When the Supreme Court decided on June 13 that unaltered human DNA cannot be patented, it was more than a victory for cancer patients and corporate rivals in the field of genetics; it was a reason to celebrate for Dr. Wayne Grody, a professor at UCLA School of Medicine who assisted in the case that the American Civil Liberties Union (ACLU) brought against Myriad Genetics.
“I’ve been involved with this case for about five years, since the beginning, and I’ve been giving lectures on it,” said Grody, 61, director of the Diagnostic Molecular Pathology Laboratory within the UCLA Medical Center.
“Actually, I was about to start another lecture on this [in Portland], when I got to the podium and about 10 people held up their iPhones to show me that the decision had been reached. I was blindsided and had to improvise the rest of the evening. Maybe the timing wasn’t great, but the news absolutely was.”
The court’s unanimous decision overturned U.S. Patent and Trademark Office policy and invalidated current patents on genes, thereby ending the monopoly of certain genetic tests, including those for types of breast cancer and ovarian cancer that affect a disproportionately large percentage of Ashkenazic women.
Until this decision, roughly 20 percent of human genes were patented, according to the U.S. Patent and Trademark Office. This meant that the holder of the patent could effectively prevent anyone from studying, testing or looking at the gene, which caused great concern among many in the medical community, according to Grody.
“We never felt comfortable with this idea and tried for many years to get around it — receiving numerous cease-and-desist letters from companies unhappy that we were doing medical genetic tests on genes they had patented,” he said.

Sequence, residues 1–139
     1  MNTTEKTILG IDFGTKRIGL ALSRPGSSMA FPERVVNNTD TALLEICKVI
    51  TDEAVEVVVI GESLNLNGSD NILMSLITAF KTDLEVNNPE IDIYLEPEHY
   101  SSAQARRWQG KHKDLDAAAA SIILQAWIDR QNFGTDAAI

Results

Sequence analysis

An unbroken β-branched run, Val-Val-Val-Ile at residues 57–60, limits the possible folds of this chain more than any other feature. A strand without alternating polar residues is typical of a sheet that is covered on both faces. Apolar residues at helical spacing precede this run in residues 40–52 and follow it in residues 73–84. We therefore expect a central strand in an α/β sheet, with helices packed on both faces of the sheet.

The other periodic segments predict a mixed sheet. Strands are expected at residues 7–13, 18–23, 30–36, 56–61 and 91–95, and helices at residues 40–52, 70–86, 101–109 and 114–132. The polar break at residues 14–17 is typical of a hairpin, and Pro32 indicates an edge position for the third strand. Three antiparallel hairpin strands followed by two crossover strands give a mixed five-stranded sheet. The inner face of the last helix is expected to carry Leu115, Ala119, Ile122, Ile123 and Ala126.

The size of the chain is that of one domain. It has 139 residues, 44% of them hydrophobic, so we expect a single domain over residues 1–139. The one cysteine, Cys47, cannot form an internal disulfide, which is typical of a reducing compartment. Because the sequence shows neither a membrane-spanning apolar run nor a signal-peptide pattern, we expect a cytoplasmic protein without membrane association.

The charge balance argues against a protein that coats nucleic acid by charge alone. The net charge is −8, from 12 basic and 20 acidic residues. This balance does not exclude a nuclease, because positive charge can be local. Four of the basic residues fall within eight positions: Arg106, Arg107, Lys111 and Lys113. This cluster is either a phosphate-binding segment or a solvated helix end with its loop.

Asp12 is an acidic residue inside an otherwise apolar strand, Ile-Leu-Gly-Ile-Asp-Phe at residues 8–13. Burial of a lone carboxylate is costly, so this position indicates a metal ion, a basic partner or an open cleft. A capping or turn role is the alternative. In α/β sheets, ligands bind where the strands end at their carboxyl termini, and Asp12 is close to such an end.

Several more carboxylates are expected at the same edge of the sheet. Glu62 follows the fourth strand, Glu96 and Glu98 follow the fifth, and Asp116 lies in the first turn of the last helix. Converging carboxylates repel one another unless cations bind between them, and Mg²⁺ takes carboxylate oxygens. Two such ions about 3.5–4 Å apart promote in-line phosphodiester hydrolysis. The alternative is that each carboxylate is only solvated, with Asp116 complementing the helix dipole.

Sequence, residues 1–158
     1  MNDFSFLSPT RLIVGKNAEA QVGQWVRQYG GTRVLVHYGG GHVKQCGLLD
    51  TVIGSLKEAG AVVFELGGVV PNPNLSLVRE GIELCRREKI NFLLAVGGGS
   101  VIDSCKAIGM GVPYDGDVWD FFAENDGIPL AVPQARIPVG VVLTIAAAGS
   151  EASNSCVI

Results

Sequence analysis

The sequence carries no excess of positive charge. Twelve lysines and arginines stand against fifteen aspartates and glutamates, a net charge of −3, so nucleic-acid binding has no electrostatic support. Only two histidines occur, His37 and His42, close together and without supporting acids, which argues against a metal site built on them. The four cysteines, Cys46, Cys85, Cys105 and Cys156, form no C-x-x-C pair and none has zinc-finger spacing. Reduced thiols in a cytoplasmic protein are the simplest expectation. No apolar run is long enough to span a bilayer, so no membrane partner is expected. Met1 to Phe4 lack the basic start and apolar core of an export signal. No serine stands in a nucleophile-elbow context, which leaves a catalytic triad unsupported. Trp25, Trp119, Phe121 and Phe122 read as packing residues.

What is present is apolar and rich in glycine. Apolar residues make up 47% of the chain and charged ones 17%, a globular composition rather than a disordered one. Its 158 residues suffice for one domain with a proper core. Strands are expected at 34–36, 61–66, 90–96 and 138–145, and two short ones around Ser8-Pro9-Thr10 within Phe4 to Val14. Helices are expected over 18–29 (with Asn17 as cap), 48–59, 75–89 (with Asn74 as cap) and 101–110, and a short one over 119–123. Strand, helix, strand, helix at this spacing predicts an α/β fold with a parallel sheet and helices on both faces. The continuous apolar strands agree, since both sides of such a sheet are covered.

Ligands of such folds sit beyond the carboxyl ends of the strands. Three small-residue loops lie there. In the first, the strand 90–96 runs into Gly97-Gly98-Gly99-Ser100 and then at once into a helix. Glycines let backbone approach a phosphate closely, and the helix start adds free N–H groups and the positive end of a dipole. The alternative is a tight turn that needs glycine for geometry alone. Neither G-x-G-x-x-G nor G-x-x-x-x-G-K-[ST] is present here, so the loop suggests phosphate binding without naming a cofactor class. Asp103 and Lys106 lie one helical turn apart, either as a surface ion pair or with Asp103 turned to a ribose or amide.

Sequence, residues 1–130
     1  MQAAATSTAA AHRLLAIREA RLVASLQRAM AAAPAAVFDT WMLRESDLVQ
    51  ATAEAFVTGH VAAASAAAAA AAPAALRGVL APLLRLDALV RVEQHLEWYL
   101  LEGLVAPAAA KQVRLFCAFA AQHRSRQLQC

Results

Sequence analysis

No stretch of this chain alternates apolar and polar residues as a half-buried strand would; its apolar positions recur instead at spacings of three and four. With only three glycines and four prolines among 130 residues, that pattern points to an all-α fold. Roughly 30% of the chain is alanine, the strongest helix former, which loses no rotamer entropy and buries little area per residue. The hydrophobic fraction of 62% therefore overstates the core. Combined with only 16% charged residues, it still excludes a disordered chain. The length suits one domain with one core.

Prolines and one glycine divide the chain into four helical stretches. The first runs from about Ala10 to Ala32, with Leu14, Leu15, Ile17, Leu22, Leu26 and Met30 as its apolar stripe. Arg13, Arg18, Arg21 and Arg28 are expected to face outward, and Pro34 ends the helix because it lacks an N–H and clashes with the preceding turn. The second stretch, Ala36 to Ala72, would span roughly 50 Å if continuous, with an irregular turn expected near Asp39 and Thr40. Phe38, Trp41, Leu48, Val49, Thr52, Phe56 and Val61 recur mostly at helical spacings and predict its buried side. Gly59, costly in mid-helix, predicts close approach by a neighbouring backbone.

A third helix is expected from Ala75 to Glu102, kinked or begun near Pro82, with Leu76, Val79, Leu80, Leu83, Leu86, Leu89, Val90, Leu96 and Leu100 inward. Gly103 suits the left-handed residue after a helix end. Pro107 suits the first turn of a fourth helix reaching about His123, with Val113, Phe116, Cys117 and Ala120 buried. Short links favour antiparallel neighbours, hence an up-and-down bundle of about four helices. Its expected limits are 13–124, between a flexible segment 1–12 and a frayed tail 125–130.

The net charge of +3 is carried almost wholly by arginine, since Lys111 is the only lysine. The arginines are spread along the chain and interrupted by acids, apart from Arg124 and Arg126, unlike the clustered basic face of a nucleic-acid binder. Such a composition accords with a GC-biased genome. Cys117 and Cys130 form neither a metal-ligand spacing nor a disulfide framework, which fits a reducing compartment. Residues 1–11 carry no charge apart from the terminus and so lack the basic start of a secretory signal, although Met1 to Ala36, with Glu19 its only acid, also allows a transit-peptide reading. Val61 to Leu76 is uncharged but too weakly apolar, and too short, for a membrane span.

When a company patents a gene and has an exclusive right to a test related to it, not only can it set the cost of the test as high as it wishes, but it makes it impossible for someone to get a second opinion. Patients must rely on a single test and hope it is done correctly.
“Many people don’t even know you could patent genes and were shocked when they found out it was possible,” Grody said.
This particular Supreme Court case was filed against Myriad Genetics, a company based in Utah. The genes and tests in question were mutation-location tests on the BRCA1 and BRCA2 genes, which act as significant markers for the likelihood of developing certain types of aggressive breast cancer and ovarian cancer.
Because the Ashkenazic gene pool is less varied than that of the general population, due to the historical pattern of marrying within the faith, three mutations within the BRCA1 and BRCA2 genes are nearly five times more likely to appear in Ashkenazic women than in the general population, according to the National Cancer Institute.
Grody, an Ashkenazic Jew himself who was an expert scientific witness in the Supreme Court case and helped craft various aspects of the ACLU’s legal argument, said Myriad Genetics wasn’t targeted because of any problems within its testing record.
“They’re a first-rate lab. We chose Myriad because breast cancer is such a highly visible disease,” Grody said. “However, the price for the full mutation screening is between $3,500 and $4,000 without insurance. Even if you only have to pay 20 percent, it’s still too much for some people. And until recently, they had no other choice but to test through Myriad.”
Often, the tests are used to decide whether a woman will take prophylactic measures to avoid getting cancer — drastic medical procedures such as a double mastectomy (like the one actress Angelina Jolie underwent recently) and removal of one’s ovaries. Both procedures are irreversible, so many women would like to be able to pursue a second opinion.
Now they can.
Although it will take many years for companies to build the kind of extensive genetic database that Myriad Genetics has, it’s the beginning of a new era for the genetic testing market — one that’s been decades in the making.
“By the end of the trial, which I had the honor of being able to attend, I felt like the justices really felt uncomfortable with the idea of patenting genes,” Grody said. “And although I was relatively confident that they’d rule in our favor, it was a relief to know that, yes, they did truly understand.”